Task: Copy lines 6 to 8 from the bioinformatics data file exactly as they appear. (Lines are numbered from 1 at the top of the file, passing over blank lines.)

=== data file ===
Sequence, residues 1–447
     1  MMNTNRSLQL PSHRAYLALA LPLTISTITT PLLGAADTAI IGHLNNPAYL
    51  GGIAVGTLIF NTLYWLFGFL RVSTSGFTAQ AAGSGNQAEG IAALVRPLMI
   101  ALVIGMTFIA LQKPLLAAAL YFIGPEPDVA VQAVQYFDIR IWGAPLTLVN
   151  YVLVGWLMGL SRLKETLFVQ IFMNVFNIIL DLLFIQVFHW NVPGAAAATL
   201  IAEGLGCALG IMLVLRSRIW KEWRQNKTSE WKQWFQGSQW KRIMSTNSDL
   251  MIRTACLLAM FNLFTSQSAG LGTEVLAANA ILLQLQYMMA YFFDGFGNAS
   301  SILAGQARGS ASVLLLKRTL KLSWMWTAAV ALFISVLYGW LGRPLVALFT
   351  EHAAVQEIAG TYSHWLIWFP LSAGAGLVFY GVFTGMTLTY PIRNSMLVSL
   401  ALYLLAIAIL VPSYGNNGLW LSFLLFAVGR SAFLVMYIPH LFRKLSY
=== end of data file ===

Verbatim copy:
   201  IAEGLGCALG IMLVLRSRIW KEWRQNKTSE WKQWFQGSQW KRIMSTNSDL
   251  MIRTACLLAM FNLFTSQSAG LGTEVLAANA ILLQLQYMMA YFFDGFGNAS
   301  SILAGQARGS ASVLLLKRTL KLSWMWTAAV ALFISVLYGW LGRPLVALFT